Once purely fodder
for science fiction, a molecule-chain weapon
has become merely a farfetched
concept that will eventually have to be regulated when it becomes reality in the not-too-distant future.
A molecule-chain weapon is a whip, garrote, flail, or bola made with molecule chain instead of wire or string. It can also be deployed in "trip-wire" form.
A molecule chain is simply that, a chain molecule that is actually long enough to use in the abovementioned applications. One of the earliest uses in fiction involved a character created by Larry Niven. A multimillionare playboy genius named Sinclair invented it, and it became one of the keys to his fabulous riches. Sinclair molecule chain was often used in Niven's Tales of Known Space as a weapon as well as a building material. In one story, a character uses one that had been sewn into his suit with buttons as grips (one would need a grip of some kind on each end to handle such a chain.)
The deadly aspect of molecule chain is that it should act as the proverbial ultimate knife, able to cut through anything with its sub-microscopic thinness and molecular-bond strength. Even a small bundle would be almost impossible to see and ridiculously strong. Think of the ultimate piano wire.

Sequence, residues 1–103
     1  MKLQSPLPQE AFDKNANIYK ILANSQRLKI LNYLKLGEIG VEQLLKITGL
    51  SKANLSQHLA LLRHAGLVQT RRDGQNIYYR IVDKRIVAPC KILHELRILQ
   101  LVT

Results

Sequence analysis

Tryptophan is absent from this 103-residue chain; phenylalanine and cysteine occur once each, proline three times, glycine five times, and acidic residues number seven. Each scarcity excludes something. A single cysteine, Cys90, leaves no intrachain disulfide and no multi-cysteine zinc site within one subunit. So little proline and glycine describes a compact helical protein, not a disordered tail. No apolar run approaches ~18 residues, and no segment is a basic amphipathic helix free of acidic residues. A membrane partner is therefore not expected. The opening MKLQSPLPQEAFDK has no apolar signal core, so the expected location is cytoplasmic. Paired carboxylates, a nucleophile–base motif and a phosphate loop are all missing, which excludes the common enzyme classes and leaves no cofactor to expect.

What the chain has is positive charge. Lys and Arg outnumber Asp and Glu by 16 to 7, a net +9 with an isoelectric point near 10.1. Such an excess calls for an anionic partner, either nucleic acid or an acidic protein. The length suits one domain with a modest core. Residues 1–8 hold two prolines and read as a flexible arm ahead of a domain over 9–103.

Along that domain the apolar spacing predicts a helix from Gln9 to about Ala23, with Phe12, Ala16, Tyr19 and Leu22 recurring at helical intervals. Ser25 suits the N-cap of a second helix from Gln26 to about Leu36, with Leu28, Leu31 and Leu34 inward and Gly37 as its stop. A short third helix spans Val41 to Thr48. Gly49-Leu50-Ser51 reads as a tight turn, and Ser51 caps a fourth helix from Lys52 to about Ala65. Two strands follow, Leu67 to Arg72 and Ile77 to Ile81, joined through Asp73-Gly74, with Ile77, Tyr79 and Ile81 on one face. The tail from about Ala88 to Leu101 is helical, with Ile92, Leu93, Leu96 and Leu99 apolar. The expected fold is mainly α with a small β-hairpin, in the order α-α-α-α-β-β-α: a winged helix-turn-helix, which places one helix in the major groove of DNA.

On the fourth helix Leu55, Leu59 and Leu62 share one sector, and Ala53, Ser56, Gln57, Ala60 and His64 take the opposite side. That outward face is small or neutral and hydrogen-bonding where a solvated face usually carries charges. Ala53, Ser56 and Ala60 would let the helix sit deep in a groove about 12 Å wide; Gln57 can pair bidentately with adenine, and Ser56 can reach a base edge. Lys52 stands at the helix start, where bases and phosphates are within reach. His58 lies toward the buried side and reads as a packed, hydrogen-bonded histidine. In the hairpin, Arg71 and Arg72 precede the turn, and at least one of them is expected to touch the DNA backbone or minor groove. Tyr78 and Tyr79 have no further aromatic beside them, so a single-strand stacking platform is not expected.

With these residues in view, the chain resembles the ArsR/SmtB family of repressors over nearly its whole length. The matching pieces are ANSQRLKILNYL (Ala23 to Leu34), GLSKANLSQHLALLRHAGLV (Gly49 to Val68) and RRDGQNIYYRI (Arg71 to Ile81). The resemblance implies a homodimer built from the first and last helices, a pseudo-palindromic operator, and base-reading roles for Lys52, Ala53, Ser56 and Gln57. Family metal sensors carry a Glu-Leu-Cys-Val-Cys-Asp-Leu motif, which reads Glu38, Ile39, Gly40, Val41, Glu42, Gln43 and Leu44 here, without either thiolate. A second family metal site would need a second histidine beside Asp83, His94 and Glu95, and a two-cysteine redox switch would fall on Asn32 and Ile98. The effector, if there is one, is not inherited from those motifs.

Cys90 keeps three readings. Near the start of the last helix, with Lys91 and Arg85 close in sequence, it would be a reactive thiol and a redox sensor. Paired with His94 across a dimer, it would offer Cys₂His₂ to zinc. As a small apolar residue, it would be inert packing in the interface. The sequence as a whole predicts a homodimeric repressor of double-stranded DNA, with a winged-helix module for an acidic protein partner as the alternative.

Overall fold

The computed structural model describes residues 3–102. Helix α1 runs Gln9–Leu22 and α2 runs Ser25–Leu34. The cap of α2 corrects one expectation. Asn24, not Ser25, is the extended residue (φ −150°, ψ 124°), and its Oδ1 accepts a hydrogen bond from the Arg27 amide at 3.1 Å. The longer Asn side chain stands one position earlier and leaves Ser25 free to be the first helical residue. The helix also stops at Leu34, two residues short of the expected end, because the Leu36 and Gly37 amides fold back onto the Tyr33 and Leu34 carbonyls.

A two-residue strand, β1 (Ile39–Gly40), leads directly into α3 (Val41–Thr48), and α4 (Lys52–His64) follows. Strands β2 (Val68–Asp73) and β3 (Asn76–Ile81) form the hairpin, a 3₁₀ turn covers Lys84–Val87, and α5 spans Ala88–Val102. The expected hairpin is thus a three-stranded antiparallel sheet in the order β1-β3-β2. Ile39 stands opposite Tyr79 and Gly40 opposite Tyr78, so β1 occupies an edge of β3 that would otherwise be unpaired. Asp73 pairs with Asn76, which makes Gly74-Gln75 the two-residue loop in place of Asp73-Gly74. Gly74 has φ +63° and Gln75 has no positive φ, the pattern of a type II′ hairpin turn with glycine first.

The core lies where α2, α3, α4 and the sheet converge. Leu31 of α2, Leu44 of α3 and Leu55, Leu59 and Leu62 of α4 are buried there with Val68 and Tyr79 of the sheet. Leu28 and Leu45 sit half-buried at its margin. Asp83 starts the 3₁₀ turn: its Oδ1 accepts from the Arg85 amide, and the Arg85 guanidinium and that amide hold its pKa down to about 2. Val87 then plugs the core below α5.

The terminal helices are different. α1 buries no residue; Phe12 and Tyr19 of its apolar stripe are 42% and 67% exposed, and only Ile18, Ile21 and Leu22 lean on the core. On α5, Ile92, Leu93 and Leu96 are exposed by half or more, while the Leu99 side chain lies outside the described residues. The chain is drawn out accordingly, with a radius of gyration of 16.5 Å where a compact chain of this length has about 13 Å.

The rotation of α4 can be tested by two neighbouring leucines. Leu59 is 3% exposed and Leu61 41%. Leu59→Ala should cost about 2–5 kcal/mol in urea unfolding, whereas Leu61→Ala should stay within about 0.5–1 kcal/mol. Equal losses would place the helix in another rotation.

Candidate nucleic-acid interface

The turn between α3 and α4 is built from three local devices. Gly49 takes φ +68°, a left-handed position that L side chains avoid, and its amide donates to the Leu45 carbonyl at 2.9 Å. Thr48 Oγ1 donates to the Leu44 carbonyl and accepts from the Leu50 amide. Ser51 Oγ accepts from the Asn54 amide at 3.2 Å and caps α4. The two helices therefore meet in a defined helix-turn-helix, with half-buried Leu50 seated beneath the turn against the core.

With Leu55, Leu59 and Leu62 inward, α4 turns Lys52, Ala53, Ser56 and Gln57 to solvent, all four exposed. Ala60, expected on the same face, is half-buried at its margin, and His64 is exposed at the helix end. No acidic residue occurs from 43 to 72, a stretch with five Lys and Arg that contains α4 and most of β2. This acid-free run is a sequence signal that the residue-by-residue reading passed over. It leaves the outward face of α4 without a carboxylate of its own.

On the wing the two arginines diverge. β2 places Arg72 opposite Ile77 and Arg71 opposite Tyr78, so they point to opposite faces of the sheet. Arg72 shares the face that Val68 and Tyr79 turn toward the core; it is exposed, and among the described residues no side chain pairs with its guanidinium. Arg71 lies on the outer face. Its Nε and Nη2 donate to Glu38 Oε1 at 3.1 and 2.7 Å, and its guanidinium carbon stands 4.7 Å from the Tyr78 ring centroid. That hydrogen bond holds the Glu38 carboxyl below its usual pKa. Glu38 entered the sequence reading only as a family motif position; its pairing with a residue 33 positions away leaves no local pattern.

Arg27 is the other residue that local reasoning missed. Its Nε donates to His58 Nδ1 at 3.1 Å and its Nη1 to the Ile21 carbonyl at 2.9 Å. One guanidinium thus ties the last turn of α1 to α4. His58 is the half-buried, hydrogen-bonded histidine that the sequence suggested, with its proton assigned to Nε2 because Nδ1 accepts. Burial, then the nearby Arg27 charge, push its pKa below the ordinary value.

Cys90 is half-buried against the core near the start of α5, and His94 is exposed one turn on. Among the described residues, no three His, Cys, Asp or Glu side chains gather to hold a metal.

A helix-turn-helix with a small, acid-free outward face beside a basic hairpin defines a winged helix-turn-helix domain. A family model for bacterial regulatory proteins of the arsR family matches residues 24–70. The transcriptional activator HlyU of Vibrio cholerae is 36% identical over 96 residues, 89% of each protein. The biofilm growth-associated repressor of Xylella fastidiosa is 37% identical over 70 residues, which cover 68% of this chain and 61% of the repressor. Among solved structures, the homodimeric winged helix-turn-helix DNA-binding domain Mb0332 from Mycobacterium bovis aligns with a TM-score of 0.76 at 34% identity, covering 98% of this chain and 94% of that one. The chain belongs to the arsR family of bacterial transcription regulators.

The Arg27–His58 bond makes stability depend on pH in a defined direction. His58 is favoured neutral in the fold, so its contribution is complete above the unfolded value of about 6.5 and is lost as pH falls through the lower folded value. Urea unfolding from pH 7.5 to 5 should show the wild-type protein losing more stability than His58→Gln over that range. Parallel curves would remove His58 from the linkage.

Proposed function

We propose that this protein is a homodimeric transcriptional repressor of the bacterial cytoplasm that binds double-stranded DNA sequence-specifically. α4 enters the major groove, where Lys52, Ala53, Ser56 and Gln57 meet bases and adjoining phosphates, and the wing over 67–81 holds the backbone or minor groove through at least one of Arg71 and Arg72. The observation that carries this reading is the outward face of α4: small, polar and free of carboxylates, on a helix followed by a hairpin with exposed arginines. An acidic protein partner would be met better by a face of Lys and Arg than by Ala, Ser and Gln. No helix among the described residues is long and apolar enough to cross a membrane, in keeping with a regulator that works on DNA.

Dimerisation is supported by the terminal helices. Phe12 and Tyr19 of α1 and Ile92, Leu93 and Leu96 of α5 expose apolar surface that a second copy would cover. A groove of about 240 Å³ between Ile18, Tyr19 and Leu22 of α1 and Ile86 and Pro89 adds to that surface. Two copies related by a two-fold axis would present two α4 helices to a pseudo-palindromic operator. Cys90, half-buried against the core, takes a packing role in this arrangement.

Buckminsterfullerene (C-60, also known as buckyballs) discovered in 1985, promises to bring this speculative device to fruition. . A form of this material, called a buckytube, has already been formed in centimeter lengths. It also has great promise in electronics due to its interesting properties.
If lengths of a meter or more can be formed, it would make a formidable weapon. It would also be as deadly to the user as it would be to a victim, as a poorly-aimed swing would cause the strand to recoil back upon the caster, with disasterous results.